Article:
Letting some orthodox doctrines in the bible stay as mysteries instead of dogmas

Yes, that is what I understood -however a convert is also encouraged to become knowledgeable of Orthodox Christianity within the context of a Way of Life. It is within this context we understand the universal aspect of Christianity and may also begin to understand the differences that may have caused people to break away and form the various denominations.

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Yes, they are large, but what are all these other denominations that consider infant baptism to be not true baptism? Would that be Any Anabaptist group?

Most Christians alive today, and most Christians who have ever lived, were not baptized according to Anabaptist belief. At least I have plenty of company, and it’s better to know where I stand.

Yes, if you read my response to @jpm some Anabaptists would align with Baptists in that regard. But all this was just to make a point in this topic about differences of opinion among Christians in how firmly different groups think the creeds, or “church tradition” is infallible and must not be questioned. A number of people in this thread, myself included, think that it is best to judge doctrine and theology against the practices recorded in scripture, not as mandated by later councils or accretions of tradition.

You are appealing to an argument for a doctrine based on “the majority”. This forum isn’t the place for doctrinal debates, so I won’t get into the weeds of baptism, but just make the point that the majority can be wrong too! So the fact that "the majority of Christians in history have done “X”, does not necessarily mean it is correct… in some cases, I’m happy to be in the minority!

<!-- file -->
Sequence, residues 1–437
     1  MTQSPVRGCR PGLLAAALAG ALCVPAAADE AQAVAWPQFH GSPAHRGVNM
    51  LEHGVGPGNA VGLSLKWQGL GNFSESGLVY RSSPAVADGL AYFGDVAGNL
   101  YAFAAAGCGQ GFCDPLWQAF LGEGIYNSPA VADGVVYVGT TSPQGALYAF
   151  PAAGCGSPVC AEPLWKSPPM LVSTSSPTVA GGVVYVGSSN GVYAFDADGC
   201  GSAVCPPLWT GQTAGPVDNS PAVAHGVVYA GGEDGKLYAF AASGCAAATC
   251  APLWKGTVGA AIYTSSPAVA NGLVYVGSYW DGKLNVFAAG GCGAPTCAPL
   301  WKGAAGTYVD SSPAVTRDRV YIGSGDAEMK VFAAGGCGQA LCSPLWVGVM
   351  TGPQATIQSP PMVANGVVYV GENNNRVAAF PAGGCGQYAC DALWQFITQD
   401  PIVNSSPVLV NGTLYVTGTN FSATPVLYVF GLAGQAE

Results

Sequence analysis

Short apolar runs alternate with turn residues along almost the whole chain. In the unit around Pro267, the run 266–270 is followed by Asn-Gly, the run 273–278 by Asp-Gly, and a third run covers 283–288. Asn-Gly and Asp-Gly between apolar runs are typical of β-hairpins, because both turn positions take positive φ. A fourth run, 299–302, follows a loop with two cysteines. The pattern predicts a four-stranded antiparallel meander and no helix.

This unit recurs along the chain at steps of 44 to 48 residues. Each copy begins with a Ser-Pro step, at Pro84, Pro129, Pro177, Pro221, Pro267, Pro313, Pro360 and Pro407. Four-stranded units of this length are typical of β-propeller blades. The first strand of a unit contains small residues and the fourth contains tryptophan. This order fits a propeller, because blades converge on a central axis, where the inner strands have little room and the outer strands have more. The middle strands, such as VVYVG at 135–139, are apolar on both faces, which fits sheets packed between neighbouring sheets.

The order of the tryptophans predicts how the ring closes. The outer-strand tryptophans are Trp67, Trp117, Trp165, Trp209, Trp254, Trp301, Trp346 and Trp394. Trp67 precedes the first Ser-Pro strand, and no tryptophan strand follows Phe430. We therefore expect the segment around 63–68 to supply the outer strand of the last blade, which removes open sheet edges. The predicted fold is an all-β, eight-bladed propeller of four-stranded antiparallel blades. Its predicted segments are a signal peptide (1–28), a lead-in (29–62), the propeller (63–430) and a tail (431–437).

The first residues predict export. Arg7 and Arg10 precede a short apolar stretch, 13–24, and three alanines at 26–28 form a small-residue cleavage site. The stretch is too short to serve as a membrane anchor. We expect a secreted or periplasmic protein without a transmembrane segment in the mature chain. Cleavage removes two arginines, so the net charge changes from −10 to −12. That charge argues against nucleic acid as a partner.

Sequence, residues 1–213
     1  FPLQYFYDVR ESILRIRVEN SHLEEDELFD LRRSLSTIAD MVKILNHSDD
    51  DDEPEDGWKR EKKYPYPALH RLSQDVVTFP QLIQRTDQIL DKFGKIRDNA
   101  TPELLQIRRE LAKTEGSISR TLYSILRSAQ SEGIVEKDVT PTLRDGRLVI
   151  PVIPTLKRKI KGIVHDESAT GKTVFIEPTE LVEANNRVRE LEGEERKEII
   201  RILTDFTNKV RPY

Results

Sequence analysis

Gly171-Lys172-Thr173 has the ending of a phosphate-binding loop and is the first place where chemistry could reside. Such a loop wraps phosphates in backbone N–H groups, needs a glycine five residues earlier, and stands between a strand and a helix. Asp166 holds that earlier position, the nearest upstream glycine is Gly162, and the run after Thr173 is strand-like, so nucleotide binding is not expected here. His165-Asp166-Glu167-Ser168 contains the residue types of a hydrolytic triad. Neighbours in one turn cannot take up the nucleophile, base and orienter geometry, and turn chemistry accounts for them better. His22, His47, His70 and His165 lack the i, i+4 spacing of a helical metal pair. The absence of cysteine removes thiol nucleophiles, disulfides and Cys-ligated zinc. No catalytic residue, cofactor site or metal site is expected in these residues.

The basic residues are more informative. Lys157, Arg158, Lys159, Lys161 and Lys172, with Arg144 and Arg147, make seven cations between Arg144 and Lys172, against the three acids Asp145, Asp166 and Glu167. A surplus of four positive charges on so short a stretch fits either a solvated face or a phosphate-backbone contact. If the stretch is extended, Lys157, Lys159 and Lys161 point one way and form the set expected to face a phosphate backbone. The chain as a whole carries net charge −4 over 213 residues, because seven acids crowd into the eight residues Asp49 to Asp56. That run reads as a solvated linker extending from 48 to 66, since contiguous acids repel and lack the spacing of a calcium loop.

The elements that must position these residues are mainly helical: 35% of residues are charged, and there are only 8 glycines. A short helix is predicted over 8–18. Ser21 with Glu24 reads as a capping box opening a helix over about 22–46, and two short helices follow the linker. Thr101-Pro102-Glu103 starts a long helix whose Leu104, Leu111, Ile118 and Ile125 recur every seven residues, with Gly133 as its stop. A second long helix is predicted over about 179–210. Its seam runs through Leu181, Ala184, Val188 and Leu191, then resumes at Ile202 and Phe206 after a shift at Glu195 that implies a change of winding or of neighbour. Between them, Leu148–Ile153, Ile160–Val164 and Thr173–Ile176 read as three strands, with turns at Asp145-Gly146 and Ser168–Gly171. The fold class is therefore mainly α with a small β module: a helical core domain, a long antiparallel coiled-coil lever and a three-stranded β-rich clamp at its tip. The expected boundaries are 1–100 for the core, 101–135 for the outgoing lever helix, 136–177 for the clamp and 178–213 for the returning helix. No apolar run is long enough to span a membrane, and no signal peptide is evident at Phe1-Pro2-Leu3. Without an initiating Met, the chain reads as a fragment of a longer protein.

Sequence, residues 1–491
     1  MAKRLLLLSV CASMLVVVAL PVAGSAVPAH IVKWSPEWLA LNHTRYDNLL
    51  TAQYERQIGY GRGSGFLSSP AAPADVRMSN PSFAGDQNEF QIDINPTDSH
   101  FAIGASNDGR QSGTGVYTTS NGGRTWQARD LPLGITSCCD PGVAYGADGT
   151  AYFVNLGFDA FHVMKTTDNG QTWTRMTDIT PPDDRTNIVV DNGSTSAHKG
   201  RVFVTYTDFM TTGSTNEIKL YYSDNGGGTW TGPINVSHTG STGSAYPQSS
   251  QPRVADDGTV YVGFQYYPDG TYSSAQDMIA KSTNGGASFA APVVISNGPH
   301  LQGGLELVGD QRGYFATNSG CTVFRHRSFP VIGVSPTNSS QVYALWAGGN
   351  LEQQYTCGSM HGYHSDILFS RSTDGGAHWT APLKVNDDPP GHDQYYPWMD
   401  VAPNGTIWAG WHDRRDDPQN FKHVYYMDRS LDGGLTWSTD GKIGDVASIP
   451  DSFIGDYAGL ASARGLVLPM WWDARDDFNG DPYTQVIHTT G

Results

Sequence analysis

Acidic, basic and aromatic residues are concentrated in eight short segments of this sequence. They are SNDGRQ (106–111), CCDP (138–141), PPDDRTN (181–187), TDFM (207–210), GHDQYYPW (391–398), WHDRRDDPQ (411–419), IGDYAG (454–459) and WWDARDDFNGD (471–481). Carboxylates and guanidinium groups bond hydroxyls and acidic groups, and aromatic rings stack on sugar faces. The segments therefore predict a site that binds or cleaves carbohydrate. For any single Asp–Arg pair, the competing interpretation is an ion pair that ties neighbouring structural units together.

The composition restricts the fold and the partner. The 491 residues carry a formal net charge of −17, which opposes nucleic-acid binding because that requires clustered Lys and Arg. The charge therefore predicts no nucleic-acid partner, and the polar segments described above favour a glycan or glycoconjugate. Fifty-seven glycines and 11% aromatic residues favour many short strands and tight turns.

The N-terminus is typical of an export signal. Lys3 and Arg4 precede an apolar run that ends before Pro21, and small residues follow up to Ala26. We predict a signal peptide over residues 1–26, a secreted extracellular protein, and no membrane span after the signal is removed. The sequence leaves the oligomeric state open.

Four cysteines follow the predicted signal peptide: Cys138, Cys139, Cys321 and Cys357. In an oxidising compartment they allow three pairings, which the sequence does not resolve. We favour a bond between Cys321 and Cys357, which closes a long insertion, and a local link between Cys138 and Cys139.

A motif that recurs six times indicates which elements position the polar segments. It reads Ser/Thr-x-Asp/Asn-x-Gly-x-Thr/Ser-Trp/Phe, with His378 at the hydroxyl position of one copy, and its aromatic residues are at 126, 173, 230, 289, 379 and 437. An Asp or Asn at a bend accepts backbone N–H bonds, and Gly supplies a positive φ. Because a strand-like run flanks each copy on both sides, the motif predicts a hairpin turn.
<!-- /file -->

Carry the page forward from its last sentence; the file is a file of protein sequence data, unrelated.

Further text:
That’s debatable. ; - ) We seem to, frequently enough.

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True enough, eh?!

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I guess most churches outside of the largest mainline churches (RC, orthodox, lutheran, anglican, presbyterian and related) practice believer’s baptism. For example, churches classified as Pentecostal or Charismatic (>500 million members according to statistics) as well as a large part of those classified as Evangelical. Some denominations like Methodists practice and accept infant baptism but I guess these form a minority.

It should be noted that most churches baptise children. It is just a question of age. Some think that the children need to understand and express their own faith, others think that it is enough that parents or godparents express (their) faith as advocates for the child.

True. Creeds were formulated as responses to disagreements about how to interpret the apostolic teaching. The creeds may have boosted some disagreements, like the division between the churches in the west and east, but the creeds did not create the divisions. The details of the creeds need interpretation but the interpretations reflect different traditions of interpretation of apostolic teaching (/biblical scriptures), rather than creeds creating division.

Yes, I might nuance this to say that the creeds themselves didn’t create the disagreements (as you say, the alternate views existed previously). But creeds have often been used subsequently through history by clergy to create a firm division by declaring the other side a “heretic” and excommunicating them. To draw a line in the sand and declare the other “in” or “out” of one’s tribe… So I think discernment needs to be made (when making a creed or interpreting it), whether the topic of dispute rises to a core essential of the Christian faith, or whether the sides of a particular disagreement can both be held within orthodoxy, leaving room for “acceptable and undefined alternatives” in the tension of a unified church. Unfortunately, it seems to be a human tendency to try to “creedify”-away all ambiguity in scripture and not to tolerate those with views that do not match one’s own. Confusing agreement with another person, with acceptance of them in fellowship.